The island’s junior wildlife group, Sark Watch, has been busy again this month continuing their studies of local natural history. Now that the days are getting much longer they have been out and about in the evenings looking for wildlife that comes out at dusk. With the aid of a bat detector they have been able to hear as well as see bats hunting for insects after sunset and the group have also been setting up their moth trap again. Recent highlights include a Red Chestnut Moth, last recorded in Sark in 1934, and the rare Waved Umber. Another interesting moth was found by Sandra at the Island Hall who spotted an Emperor Moth on the outside of the kitchen door. Although quite common, this beautiful day-flying creature is one of the largest moths in the British Isles and, like many, once it has transformed from a caterpillar to a moth only lives for a couple of months. Sark wildlife artist Rosie Guille has been leading the moth trapping project and has also just become the entomology (insect) recorder for La Société Sercqauise. She is excited by the recent findings and keen to continue encouraging local children to learn more about Sark’s wonderful wildlife.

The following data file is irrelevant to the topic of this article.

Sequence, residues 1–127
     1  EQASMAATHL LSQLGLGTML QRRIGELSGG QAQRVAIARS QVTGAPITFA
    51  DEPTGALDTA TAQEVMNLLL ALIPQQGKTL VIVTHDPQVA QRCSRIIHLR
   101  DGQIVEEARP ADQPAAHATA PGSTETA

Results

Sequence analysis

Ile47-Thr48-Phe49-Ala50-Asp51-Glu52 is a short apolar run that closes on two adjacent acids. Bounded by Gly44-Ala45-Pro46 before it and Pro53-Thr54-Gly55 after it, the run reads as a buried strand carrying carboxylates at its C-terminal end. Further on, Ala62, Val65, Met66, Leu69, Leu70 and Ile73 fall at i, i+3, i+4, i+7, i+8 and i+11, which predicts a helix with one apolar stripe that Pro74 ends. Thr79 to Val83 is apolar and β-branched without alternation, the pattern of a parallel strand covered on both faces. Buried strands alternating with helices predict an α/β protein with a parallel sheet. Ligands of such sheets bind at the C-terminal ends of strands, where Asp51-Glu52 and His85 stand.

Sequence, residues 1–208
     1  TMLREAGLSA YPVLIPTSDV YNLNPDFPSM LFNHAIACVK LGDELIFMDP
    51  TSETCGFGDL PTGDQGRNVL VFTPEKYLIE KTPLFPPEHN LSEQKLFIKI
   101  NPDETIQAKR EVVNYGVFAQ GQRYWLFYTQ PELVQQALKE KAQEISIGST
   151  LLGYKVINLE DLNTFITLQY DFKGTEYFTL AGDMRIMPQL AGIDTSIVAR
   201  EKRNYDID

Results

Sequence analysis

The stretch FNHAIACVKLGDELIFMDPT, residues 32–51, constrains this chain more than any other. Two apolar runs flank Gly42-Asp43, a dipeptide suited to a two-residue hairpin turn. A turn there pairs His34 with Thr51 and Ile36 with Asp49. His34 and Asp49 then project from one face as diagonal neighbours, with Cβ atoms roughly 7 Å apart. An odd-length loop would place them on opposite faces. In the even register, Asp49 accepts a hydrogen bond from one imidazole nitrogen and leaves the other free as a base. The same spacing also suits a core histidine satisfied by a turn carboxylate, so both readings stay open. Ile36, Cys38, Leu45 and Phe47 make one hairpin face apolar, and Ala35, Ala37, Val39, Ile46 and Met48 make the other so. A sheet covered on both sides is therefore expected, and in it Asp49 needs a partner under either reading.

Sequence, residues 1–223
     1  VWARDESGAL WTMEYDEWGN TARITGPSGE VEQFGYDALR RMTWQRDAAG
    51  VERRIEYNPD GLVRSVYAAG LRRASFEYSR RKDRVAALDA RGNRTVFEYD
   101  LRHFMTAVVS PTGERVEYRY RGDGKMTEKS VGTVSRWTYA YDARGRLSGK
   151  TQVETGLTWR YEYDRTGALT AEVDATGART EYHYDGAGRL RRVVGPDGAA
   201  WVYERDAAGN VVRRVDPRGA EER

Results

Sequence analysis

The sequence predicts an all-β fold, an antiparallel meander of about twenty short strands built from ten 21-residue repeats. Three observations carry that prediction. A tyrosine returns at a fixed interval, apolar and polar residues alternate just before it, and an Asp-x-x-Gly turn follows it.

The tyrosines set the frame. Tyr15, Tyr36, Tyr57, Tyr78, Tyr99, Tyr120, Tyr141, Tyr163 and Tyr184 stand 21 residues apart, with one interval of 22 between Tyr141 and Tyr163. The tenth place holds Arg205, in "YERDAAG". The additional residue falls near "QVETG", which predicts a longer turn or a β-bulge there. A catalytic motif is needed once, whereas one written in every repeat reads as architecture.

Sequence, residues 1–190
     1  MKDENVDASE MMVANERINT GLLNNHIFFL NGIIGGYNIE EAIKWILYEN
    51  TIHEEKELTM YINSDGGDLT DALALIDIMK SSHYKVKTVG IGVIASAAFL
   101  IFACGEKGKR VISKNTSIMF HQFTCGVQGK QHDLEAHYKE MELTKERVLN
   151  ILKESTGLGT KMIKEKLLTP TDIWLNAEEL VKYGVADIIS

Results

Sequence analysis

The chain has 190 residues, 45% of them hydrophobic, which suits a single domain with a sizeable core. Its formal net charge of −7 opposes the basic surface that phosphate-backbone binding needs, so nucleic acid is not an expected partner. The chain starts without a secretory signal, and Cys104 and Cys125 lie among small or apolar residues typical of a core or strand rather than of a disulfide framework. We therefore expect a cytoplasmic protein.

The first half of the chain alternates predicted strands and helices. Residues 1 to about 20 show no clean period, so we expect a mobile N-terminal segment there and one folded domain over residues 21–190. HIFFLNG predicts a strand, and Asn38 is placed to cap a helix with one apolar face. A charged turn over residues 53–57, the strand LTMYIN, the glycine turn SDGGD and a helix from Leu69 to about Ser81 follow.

Pictures by Sue Daly